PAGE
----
69. 69. TYPES OF DRAG There are three main types of drag affecting performance of an aircraft: • Induced drag. • Skin friction of parasitic drag. • Wave drag.
70. 70. Induce Drag • Induced drag is the most important form of drag because it occurs as a result of the force of lift which enables a plane to remain airborne. • The backward force on the plane is the induced drag force.
71. 71. Skin Drag • Skin friction or parasitic drag is a simple kind of drag that results from wind resistance to the rough surfaces of an aircraft. For example, when an F-16 is loaded up with weapons and fuel tanks, the plane’s aerodynamics are complicated. • This creates drag which will affect flight performance and G forces – that is, forces of acceleration that pull a pilot when he or she is in motion.
72. 72. Wave Drag • Wave drag is only found in jet fighters or supersonic aircraft. When a plane moves at supersonic speeds, it builds up a tremendous front. A huge amount of energy is required to move through these waves and this resistance is called wave drag. • When the resulting shock wave hits the ground, it is experienced by people of the ground in the rattling form of a “sonic boom.”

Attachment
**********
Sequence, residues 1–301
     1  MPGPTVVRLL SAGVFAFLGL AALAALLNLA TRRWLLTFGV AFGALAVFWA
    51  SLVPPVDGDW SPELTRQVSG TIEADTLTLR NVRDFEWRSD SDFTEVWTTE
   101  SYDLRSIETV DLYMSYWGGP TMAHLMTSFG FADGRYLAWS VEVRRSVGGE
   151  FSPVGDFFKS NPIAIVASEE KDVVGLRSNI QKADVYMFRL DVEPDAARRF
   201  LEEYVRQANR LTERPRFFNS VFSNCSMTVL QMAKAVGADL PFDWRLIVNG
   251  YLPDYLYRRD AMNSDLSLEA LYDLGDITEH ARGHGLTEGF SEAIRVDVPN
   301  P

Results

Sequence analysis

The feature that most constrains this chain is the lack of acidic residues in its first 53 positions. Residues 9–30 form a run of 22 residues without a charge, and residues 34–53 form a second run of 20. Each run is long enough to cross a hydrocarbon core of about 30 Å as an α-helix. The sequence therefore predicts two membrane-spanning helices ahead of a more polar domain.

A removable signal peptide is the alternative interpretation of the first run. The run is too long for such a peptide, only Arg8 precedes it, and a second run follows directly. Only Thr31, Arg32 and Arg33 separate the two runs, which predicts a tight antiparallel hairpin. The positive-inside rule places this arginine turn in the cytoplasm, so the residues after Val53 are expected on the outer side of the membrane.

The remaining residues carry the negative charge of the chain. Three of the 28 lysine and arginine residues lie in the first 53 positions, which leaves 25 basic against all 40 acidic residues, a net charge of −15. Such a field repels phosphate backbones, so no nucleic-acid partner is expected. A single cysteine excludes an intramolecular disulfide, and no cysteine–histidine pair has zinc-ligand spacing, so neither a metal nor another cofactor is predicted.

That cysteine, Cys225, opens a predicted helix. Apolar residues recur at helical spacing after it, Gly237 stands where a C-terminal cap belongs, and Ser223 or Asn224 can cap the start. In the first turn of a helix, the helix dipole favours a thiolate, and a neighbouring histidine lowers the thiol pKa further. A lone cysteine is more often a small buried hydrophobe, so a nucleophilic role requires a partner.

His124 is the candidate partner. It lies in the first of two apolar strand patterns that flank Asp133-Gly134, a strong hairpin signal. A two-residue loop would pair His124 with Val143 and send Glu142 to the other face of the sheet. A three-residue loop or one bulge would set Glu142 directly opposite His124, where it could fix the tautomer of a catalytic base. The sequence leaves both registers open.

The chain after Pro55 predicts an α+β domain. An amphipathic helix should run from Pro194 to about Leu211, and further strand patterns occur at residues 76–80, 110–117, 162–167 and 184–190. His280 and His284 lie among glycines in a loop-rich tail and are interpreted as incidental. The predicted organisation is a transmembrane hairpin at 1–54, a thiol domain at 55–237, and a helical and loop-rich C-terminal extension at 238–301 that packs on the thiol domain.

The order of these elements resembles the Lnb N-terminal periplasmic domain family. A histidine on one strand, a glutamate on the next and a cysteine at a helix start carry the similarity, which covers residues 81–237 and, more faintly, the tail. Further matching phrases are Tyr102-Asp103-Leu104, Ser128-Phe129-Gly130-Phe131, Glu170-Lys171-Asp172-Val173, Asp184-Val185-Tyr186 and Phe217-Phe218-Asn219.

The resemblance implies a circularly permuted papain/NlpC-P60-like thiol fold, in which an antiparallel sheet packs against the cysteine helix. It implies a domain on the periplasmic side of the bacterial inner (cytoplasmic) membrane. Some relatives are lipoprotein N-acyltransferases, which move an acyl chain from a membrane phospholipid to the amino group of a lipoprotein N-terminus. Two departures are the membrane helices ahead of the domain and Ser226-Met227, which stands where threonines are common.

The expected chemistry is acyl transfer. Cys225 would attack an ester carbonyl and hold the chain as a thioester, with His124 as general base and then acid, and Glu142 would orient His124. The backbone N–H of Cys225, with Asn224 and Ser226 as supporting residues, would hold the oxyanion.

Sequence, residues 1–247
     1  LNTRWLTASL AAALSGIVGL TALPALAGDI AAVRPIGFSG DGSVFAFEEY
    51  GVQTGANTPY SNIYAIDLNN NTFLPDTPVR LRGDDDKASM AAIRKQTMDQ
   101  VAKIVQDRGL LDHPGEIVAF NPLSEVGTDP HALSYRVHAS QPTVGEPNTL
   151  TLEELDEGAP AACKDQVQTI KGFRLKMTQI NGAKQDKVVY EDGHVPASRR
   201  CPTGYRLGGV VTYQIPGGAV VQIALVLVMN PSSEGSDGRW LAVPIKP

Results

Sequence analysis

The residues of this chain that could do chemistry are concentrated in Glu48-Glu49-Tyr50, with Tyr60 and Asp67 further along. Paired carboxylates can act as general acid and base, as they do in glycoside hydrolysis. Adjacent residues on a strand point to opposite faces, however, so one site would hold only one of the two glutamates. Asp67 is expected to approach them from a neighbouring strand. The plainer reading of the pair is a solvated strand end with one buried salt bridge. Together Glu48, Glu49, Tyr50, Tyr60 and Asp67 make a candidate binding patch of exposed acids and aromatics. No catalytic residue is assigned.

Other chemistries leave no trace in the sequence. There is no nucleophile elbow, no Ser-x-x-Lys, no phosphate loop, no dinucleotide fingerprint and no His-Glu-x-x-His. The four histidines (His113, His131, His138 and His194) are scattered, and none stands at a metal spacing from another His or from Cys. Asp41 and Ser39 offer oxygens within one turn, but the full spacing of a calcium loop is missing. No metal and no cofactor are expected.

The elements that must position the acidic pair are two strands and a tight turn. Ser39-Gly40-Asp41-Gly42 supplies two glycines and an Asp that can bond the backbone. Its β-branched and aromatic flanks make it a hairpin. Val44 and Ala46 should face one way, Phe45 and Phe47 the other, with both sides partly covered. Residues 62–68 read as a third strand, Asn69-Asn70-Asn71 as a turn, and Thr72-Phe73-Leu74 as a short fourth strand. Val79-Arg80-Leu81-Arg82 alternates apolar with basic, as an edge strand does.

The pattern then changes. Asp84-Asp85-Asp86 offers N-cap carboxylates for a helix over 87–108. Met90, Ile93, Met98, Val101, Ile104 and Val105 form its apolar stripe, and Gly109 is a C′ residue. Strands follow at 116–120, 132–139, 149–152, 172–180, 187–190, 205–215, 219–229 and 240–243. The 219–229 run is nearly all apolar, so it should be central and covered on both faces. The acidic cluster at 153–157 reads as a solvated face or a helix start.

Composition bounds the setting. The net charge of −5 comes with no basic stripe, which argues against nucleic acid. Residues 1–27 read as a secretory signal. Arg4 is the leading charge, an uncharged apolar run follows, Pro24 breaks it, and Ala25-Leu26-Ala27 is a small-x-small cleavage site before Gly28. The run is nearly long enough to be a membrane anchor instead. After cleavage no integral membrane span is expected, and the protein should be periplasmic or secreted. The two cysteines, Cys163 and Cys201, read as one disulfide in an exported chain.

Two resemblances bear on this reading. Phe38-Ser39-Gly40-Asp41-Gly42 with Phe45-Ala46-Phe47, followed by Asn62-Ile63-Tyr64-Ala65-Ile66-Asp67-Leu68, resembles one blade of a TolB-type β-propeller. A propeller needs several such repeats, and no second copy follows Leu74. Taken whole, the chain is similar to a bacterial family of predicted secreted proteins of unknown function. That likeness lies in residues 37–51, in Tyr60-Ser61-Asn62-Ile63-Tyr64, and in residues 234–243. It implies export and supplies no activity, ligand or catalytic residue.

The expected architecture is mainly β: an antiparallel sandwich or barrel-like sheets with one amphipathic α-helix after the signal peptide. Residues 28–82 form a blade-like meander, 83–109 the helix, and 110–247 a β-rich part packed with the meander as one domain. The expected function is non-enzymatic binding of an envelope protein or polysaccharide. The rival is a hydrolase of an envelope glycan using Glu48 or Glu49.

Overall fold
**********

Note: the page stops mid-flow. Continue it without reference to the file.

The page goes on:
73. 73. FORCES AFFECTING PERFORMANCE
74. 74. VARIATION FACTORS • Change in weight • Configuration • Altitude
75. 75. CONFIGURATION vs PERFORMANCES • Accomplished by lowering the landing gear, adding external stores, extending speed brakes multiplied the area by the dynamic pressure of the airstream is the parasite drag. • Increase drag requires more power to maintain a certain velocity n affects the range and endurance because higher fuel
76. 76. ALTITUDE vs PERFORMANCES • Increase in altitute – Decrease in air density. • Increase in velocity without increasing the drag force. • Higher true airspeed.
77. 77. WINDS vs PERFORMANCES Winds must be considered because of their effect on the ground speed.
78. 78. Relative Velocity
79. 79. Relative Velocity
80. 80. SPEED REGIMES
81. 81. SPEED OF SOUND
82. 82. Shock Waves The air pressure waves move away from the airplane in all directions at the speed of sound pile up ahead of the airplane and compress and then move out and back from the plane, towards the ground.
83. 83. Sound Barrier • The sudden increase in air resistance, aerodynamic drag that occurs when an aircraft approaches the speed of sound. This is also called the sonic barrier. • The speed of sound is 758 miles / hour (1220 km / hour.